On Friday, the 17th of March, 1968 a number of local people came together in a room at number 82 Leinster Street, Athy. This was a house which in the past was occupied by the Duke of Leinster's agent but which was then used as a centre of activity for the old folks committee. Those in attendance had come in response to public notices which advertised a talk by Michael O'Doherty of the Irish League of Credit Unions and posed the possibility of a Credit Union for Athy.
130 years previously writing in The Athy Literary Magazine of the 6th of March, 1838 a local man cited the need for a Mont de Piete in Athy. He explained that the Mont de Piete was an institution for lending small sums of money to the poor on the security of pledges. The necessary funds were raised by a loan consisting of £5 debentures bearing an interest of 6% which could at any time be converted into money. After paying interest one half of the surplus profits was expended in refunding the principal and the other half appropriated for charitable purposes.
Reference was made in that letter to the only other Mont de Piete opened by Matthew Barrington in Limerick as a fundraising venture for Barrington's Hospital. "So manifest are the evils of the present system of pawn broking that it is truly astonishing that Mont de Pietes have not sprung up around the country" wrote the Athy correspondent of 1838. A Local Loans Fund had been established in the town some time previously with offices in Emily Square in the house now occupied by the Fennin family. This was a financial institution operated on lines somewhat similar to that of the present Credit Union. It's purpose as it name implies was to lend money to local people and thereby keep them out of the clutches of the pawn brokers and the unofficial money lenders.
The Mont de Piete was not established in Athy but when the meeting opened at 82 Leinster Street, Athy, on Friday, the 17th of March, 1968 there was a general acceptance of the need to have a Credit Union in the town.
The first Board of Directors nominated that night were Donal Murphy, Jim O'Flaherty, Pat Fay, Richard Mulhall, Patsy O'Neill, Christy McMahon, Paddy Keane, Dermot Griffin, Jim McEvoy and John Quirke. Jim O'Flaherty, an employee of Athy Post Office, and married to local girl Carmel Glespen was elected first President. Jim later appointed Post Master in Greystones is now retired and lives in that County Wicklow seaside town. Donal Murphy of Sunnyside then working in Minch Nortons was elected vice-President. Jim McEvoy was appointed the first Manager/Treasurer with Patsy O'Neill as assistant and Paddy Keane, another Minch Norton's employee, as Secretary.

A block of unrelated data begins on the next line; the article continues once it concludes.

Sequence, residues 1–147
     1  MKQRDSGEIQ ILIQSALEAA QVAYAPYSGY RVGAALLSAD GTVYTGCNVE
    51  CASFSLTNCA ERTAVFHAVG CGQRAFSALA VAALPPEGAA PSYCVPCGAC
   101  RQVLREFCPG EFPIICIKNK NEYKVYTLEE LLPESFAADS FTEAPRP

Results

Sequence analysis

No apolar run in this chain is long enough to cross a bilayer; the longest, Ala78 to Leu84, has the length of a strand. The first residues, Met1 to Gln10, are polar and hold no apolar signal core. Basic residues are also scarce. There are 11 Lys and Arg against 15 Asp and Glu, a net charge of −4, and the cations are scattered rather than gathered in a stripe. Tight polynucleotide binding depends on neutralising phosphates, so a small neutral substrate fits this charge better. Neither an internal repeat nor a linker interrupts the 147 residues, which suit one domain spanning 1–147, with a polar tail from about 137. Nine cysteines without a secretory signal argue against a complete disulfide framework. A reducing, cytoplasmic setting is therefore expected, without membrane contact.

The next twelve months was spent in studying the operation of Credit Unions and visiting neighbouring offices to gain experience of practices and procedures relating to what essentially was an alternative banking system. On Friday the 31st of May, 1969 at 8.00 p.m. Athy Credit Union opened for business in a room in the Courthouse secured with the help of the then County Registrar and former local solicitor, Tadgh Brennan. At the end of the first year almost £5,000 had been lodged as savings.
The business or as it was termed in Credit Union circles "the movement" developed to the extent that a larger and more accessible premises was required. Towards the end of June 1971 number 3 Emily Row which had been once occupied by the town weight Master, James Dempsey, and later converted to a shop by Mr. and Mrs. Brophy was purchased by the Credit Union. Athy Credit Union still occupies 3 Emily Row which was refurbished and extended some years ago. Further growth has lead to the purchase of the adjoining premises and this will be incorporated into the Credit Union premises in time. The Chairman in this the Silver Jubilee of Athy Credit Union is John Dooley and Ger Quinn is vice-President, Noreen Day is Secretary and Peter Barry, Treasurer. The offices which operated for some years with voluntary staff is now managed by the full-time manager Noel Brennan, assisted by Susan Page and Ann Howe.
The achievements of the Credit Union in Athy is reflected in the service which it provides for it's members. If the correspondent in the Athy Literary Magazine of 1838 could look forward to today he would no doubt express himself more than satisfied with the efforts of the volunteers who worked to make Athy Credit Union so successful over the last twenty five years.